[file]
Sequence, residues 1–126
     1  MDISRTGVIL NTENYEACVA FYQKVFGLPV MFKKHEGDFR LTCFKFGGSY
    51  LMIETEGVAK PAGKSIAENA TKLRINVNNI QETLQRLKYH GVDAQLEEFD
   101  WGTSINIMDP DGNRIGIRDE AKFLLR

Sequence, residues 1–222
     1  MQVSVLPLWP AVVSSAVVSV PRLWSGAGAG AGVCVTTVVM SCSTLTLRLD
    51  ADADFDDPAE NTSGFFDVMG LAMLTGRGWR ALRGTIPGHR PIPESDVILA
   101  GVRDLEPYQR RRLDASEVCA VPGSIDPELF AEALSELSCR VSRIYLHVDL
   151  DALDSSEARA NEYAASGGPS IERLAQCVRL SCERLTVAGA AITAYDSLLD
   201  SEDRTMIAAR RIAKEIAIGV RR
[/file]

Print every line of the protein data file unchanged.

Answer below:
Sequence, residues 1–126
     1  MDISRTGVIL NTENYEACVA FYQKVFGLPV MFKKHEGDFR LTCFKFGGSY
    51  LMIETEGVAK PAGKSIAENA TKLRINVNNI QETLQRLKYH GVDAQLEEFD
   101  WGTSINIMDP DGNRIGIRDE AKFLLR

Sequence, residues 1–222
     1  MQVSVLPLWP AVVSSAVVSV PRLWSGAGAG AGVCVTTVVM SCSTLTLRLD
    51  ADADFDDPAE NTSGFFDVMG LAMLTGRGWR ALRGTIPGHR PIPESDVILA
   101  GVRDLEPYQR RRLDASEVCA VPGSIDPELF AEALSELSCR VSRIYLHVDL
   151  DALDSSEARA NEYAASGGPS IERLAQCVRL SCERLTVAGA AITAYDSLLD
   201  SEDRTMIAAR RIAKEIAIGV RR